2. Stir in the tuna and cream, salt to taste, and remove from the heat.
3. Meanwhile, boil the pappardelle. When it is done, drain and add it the pan with the sauce. Add the torn basil leaves and toss over heat to combine. Serve.

(1) I made 1 egg's worth of pasta from this recipe, cutting it into thick strips to make pappardelle rather than passing it through the pasta machine's fettucini cutter.

Lamb, olives, & potatoes, two ways

Roast leg of lamb

One of the troubles with cooking for one is keeping costs down whilst avoiding repetition. A leg of lamb is delicious and more economical than most other cuts, but once the initial roast dinner is over it's each to get sick of lamb sandwiches all week. As good as risotto and pasta are at incorporating last night's leftovers, it's hard to shake the fact that you're eating the same thing you ate last night tossed through a bowl of penne. This was the situation I found myself in last week, with an impulsively-purchased leg of lamb, a large batch of olive tapenade, and some mashed potato. The challenge was to create two distinct dishes from more or less the same ingredients, and at the risk of sounding too proud of myself I think I did pretty well.

Roast lamb, skordalia, and olive tapenade

Dinner number one was roast lamb with skordalia and a minted olive dressing. I regret not writing down the specifics, but I can offer a general outline. First the lamb: Make a marinade of greek yoghurt, honey, crushed garlic, dried oregano, chopped mint, and salt. Rub this over the a leg of lamb and roast in a 220ºC/425ºF oven for 20 minutes, before reducing the heat to 160ºC/320ºF and cooking until the internal temperature of the lamb reads 70ºC/160ºF. Meanwhile, boil some potatoes, then drain well and mash with crushed garlic, salt, a squeeze of lemon juice, and a liberal amount of olive oil. To make the dressing, combine equal parts olive tapenade and extra virgin olive oil with some finely chopped mint. To assemble, top portions of skordalia with slices of the rested roast lamb and drizzle with some dressing.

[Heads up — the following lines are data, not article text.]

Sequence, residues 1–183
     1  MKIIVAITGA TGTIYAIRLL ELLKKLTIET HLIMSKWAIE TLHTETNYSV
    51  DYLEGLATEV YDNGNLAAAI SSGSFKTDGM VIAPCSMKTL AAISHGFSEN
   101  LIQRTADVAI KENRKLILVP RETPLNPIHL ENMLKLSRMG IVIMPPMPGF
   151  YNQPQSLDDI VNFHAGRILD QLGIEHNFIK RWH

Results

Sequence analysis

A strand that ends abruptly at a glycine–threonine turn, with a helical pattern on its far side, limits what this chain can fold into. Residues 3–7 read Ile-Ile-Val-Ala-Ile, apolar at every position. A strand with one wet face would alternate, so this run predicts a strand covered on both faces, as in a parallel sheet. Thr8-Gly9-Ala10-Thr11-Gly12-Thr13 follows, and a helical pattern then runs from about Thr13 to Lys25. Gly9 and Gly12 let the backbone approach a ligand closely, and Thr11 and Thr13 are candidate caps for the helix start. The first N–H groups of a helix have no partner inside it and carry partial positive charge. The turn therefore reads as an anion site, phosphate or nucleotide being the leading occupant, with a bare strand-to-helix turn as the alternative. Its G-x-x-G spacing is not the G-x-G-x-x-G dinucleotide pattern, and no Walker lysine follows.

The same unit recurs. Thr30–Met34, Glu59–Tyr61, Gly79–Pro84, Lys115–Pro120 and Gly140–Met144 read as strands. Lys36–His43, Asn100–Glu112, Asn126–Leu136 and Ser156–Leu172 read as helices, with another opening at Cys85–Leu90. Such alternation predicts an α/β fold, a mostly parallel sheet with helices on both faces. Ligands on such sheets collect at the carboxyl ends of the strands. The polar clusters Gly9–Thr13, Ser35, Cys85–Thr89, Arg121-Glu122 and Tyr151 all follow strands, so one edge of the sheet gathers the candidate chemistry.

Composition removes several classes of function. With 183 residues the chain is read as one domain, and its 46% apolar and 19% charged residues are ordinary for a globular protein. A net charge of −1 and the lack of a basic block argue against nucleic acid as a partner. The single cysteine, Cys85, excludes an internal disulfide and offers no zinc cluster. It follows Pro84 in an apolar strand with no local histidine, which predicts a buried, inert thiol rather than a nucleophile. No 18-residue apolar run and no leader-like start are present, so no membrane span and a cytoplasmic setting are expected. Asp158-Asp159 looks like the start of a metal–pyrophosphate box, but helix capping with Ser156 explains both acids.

Potato gnocchi with lamb & olive ragu

For dinner number two I picked over the bones of the lamb roast to make potato gnocchi with a lamb & olive ragu. The gnocchi I've written about before, and the ragu recipe is below. It's meaty and very savory thanks to the olive tapenade, and goes well with grated parmigiano reggiano and finely shredded fresh mint. I used leftover roast lamb, but if you're making it from scratch, substitute lamb shoulder.

Lamb ragu


  • 250g lamb, diced
  • 1 tbsp olive oil
  • 1 shallot, diced
  • 2 cloves of garlic, finely sliced
  • 1 tbsp tomato paste
  • 1 small tomato, diced
  • 1/2 tsp dried oregano
  • 1 bay leaf
  • 2 tbsp olive tapenade
  • Salt, to taste

1. Heat the olive oil to a high heat, then add the lamb and cook until it is well-browned. Remove and reduce the heat to low. Sauté the diced shallot and garlic with the bay and oregano until the onion is translucent.
2. Add the tomato paste, diced tomato, and cook until reduced to a pulp. Return the browned lamb and cover with water. Bring this to a boil then simmer, covered, for 1 hour or until the lamb is very tender.
3. Stir in the olive tapenade, season to taste, and serve.

Better late than never: Olive tapenade

Olive tapenade

In the background: Bucatini with olive tapenade and chickpeas.

Way back in June I posted a recipe for chickpea & olive bruschetta, in which I promised that an olive tapenade recipe would shortly follow. Regrettably my good intentions were thwarted by laziness, and it's taken four months for me to make it again.

There's no good reason for it to take so long — olive tapenade is quick to make, incredibly easy, and can be used in all sorts of ways. If you ask me, the simplest and still one of the best is to spread it on a thick piece of Italian country bread that's been drizzled with olive oil and grilled. It also goes terrifically with pasta (it is after all 2/3 of the way to puttanesca), and last night I thinned it out with extra virgin olive oil, stirred in a little fresh mint, and used it as a sauce for some roast lamb. Delicious.

Olive tapenade


  • 1.5 cups pitted kalamata olives
  • 2 small cloves of garlic
  • 2 anchovy fillets
  • 2 tbsp flat-leaf parsley
  • 1 tbsp salt-packed capers, rinsed
  • 1/2 cup extra virgin olive oil (use the best you have)

1. Blitz everything in a food processor until well blended. I told you it was easy.